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Nadir Benouali of MEDICODOSE Systems speaks on his experiences with investigational product nonadherence, its place in pharma and patient-centric ways to address it.
The topic of investigational product (IP) nonadherence in clinical trials has recently garnered a lot of interest from the industry, and technology enterprises are now offering clinical trial solutions to better IP tracking and adherence. While there are many approaches towards tackling the issue of IP nonadherence, Nadir Benouali, Founder & President of MEDICODOSE Systems, will elaborate on his perspectives regarding the causes and issues of IP nonadherence, what the pharmaceutical industry is doing to tackle IP nonadherence, patient-centric and site friendly solutions to addressing IP nonadherence.
MA: What are the issues of investigational product (IP) nonadherence in clinical trials?
NB: There are a lot of scientific papers that have been published on the issue of IP nonadherence, so this issue is not entirely new, as it has gained a lot of momentum in the US and Europe in the last few decades. While the issue of IP nonadherence is a direct consequence of the deviation of enrolled patients’ behavior from the study requirements, the majority of clinical trials still use a combination of pill counts and self-reported data to measure IP adherence. Research has also shown that IP adherence declines constantly as a study progresses; 100 days into a study’s execution, IP adherence declines from 100% to a range of 70%-80%, and by day 300, adherence drops to a range of 60%-70%1. What’s worse is that IP nonadherence decline has an exponential impact on pharmacological and safety data variabilities in response to the IP. Reasons for nonadherence include patients’ volitional acts; some patients may doubt in the IP and disengage from following study procedures and decide to either double the dose thinking they are “catching up” on missed ones, or skipping doses, whereas and most have busy lives and simply forget, and as we all know forgetfulness is the major factor, if not, the main culprit of patient non-adherence.
MA: What is the biopharmaceutical industry currently doing to mitigate IP nonadherence?NB: Pharmaceutical companies around the world are adopting innovative measures to address and measure IP nonadherence. Since the advent of electronic era, many scientific papers have shown the value of shifting from conventional IP testing only to introducing smart packaging to support patients’ adherence as well. There are intelligent bottle caps that record the opening and closing events, assuming the patient took the right dose from the bottle. Then there are calendarized adherence prompting blister packaging and smart blister packaging that monitor IP adherence, which are becoming a trend in the pharmaceutical industry at the moment. In most cases, the data collected include only the days of the week, numbers of pills, and time of the day. However, some smart packages do need extra devices, such as readers to download dosing histories, which can increase the workload burden on the site. Other technologies use smartphone cameras to visually confirm that the IP is swallowed. This can be effective, as we have the confirmation that the patient ingested the IP, but that approach does not take into account the patient’s willingness to participate in studies using such technologies as they may be averse to it.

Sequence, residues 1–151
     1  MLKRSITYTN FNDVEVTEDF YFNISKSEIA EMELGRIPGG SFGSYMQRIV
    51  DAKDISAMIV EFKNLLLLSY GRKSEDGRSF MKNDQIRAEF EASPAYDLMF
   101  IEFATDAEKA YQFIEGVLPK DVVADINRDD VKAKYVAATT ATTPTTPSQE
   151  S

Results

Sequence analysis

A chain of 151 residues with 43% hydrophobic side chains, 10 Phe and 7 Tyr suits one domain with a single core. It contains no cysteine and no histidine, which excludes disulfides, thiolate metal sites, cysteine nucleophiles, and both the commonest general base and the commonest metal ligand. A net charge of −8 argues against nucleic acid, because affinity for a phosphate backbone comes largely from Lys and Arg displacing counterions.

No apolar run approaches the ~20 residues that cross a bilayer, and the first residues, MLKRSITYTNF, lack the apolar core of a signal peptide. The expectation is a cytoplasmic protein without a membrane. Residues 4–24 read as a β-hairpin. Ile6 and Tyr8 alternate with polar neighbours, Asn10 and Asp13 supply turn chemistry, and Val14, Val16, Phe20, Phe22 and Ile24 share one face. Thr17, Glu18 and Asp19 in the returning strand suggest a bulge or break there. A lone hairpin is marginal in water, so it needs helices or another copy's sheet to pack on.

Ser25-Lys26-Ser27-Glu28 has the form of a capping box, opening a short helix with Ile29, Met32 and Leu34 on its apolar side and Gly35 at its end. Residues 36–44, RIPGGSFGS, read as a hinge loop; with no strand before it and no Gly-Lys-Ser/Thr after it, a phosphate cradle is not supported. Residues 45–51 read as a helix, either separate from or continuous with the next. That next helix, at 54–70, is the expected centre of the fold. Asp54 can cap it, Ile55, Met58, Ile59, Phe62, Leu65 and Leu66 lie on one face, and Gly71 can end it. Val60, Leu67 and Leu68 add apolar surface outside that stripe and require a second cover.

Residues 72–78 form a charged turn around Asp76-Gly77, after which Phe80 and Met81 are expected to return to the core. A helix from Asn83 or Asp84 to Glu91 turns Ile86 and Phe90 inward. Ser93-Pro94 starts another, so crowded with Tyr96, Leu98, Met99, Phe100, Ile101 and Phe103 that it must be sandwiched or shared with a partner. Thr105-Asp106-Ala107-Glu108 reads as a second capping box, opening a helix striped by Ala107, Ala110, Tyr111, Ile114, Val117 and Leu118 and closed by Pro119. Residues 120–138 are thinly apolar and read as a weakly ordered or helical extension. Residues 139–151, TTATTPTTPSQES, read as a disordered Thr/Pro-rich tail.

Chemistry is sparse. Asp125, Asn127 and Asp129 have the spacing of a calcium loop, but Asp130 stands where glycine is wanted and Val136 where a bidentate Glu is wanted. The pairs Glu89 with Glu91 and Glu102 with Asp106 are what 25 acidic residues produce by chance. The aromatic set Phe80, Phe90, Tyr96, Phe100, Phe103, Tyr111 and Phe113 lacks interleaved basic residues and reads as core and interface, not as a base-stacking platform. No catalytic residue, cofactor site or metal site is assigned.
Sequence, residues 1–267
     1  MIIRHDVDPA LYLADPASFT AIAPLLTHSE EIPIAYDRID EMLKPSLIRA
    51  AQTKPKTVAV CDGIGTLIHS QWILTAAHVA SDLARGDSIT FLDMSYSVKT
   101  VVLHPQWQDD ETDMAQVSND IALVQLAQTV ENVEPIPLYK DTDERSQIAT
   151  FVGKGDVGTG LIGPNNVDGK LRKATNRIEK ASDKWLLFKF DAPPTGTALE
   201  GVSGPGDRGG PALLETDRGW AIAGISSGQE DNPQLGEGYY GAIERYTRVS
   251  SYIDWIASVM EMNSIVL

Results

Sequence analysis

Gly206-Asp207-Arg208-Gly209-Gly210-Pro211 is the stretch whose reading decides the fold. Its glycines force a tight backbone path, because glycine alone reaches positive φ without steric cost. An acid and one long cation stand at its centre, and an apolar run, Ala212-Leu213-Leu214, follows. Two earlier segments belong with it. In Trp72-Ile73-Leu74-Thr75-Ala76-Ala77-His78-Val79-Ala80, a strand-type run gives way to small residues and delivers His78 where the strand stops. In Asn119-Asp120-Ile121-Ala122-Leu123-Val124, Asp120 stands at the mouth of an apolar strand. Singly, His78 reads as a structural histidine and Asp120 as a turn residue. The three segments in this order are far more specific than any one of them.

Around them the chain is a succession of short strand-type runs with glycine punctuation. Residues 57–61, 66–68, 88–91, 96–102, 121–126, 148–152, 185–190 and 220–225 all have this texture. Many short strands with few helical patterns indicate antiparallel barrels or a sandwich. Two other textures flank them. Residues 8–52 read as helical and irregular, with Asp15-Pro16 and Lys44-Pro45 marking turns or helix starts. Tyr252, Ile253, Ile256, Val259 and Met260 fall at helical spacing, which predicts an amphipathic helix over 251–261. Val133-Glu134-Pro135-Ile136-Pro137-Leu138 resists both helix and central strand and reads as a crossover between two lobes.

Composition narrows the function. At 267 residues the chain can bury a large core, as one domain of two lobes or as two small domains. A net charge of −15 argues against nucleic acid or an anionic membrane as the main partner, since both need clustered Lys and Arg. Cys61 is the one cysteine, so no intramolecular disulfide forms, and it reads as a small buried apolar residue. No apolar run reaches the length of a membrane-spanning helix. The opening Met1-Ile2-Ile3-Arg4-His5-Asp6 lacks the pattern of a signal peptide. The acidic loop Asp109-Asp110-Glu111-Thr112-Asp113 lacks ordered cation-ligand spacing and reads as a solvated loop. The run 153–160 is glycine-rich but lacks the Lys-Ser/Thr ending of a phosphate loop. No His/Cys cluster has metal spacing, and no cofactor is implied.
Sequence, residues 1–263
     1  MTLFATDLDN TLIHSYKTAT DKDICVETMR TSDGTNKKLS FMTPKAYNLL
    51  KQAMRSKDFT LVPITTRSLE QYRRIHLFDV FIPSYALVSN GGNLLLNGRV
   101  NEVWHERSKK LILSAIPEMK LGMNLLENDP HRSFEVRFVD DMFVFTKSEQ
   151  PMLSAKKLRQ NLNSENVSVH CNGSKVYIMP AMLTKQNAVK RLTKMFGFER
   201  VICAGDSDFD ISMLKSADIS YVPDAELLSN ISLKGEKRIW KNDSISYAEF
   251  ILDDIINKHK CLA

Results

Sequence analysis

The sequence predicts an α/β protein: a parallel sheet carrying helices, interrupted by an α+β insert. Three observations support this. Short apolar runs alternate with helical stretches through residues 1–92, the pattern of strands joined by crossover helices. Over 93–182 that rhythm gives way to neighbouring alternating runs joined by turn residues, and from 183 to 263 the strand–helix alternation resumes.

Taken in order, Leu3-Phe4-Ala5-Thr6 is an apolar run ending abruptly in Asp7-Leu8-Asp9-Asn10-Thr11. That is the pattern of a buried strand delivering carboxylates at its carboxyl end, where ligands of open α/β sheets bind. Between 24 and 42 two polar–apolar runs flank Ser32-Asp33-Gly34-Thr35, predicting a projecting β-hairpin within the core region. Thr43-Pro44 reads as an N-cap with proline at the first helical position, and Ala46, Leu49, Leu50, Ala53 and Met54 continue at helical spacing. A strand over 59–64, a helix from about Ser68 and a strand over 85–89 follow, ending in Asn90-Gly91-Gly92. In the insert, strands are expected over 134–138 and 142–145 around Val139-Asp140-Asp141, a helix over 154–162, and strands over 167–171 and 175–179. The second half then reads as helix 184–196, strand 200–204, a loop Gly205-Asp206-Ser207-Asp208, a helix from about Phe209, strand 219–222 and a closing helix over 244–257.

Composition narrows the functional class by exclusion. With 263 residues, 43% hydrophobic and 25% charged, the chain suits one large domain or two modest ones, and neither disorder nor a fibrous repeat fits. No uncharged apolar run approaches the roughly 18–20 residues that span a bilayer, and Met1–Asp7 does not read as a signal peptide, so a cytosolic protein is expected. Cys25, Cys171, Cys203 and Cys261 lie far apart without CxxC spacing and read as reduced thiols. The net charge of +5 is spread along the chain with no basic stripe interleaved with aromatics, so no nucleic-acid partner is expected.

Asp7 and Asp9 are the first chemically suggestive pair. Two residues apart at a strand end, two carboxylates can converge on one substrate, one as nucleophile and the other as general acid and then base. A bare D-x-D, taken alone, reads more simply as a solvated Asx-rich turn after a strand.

MA: Are there other approaches to managing IP nonadherence?NB: The approach we have developed to managing IP nonadherence consists of a combination of two technologies: a smart blister that monitors and reports patients’ medication intake adherence along with adherence platform, which enables sites and investigators to track IP and PRO adherence rates to evaluate nonadherence-related risks in real-time. Using either IVR or IWR systems, the adherence platform remotely captures IP adherence, ePRO adherence and e-diaries reported data. The smart blister packaging is a stand-alone packaging that doesn’t require a reader to download dosing histories (date, time stamps and pill position), nor a connection to WiFi, and neither NFC nor Bluetooth. The packaging looks the same as any conventional medicine blister packaging, thus staying with what the patient is familiar with, except for a tiny LCD screen display on the packaging. What is unique about this approach is that it allows cross-validating IP adherence with PRO adherence data versus the predefined protocol time windows and the specific order of the patient’s execution.
MA: So, how does this approach and technology work?NB: The adherence platform is compatible with existing EDC-based technologies. The platform was designed by considering the views and expectations of patients, sites and study teams. For example, the platform includes an IP reminder feature if the patients wish to be reminded, and remote monitoring capabilities for patients who wish to have less study visits. The platform is also patient-friendly for non-tech savvy patients, as training involvement is minimal, and processes do not change patients’ regular habits. The platform automatically flags and alerts investigators in real-time to any nonadherence. In a nutshell, the platform allows sponsors, CROs and investigators to have direct access to dynamic dashboards that accounts for IP adherence rates and PRO data simultaneously, thus allowing systematic protocol deviation detection.
MA: What impact does this solution have on improving data quality?NB: Without tracking IP adherence, neither the investigator, nor the sponsor know whether the patient is taking their IP or not, which can impact data variability, patient safety, and study outcomes. The adherence platform allows site staff to intervene with and address noncompliance-related safety and efficacy outcomes in clinical trials.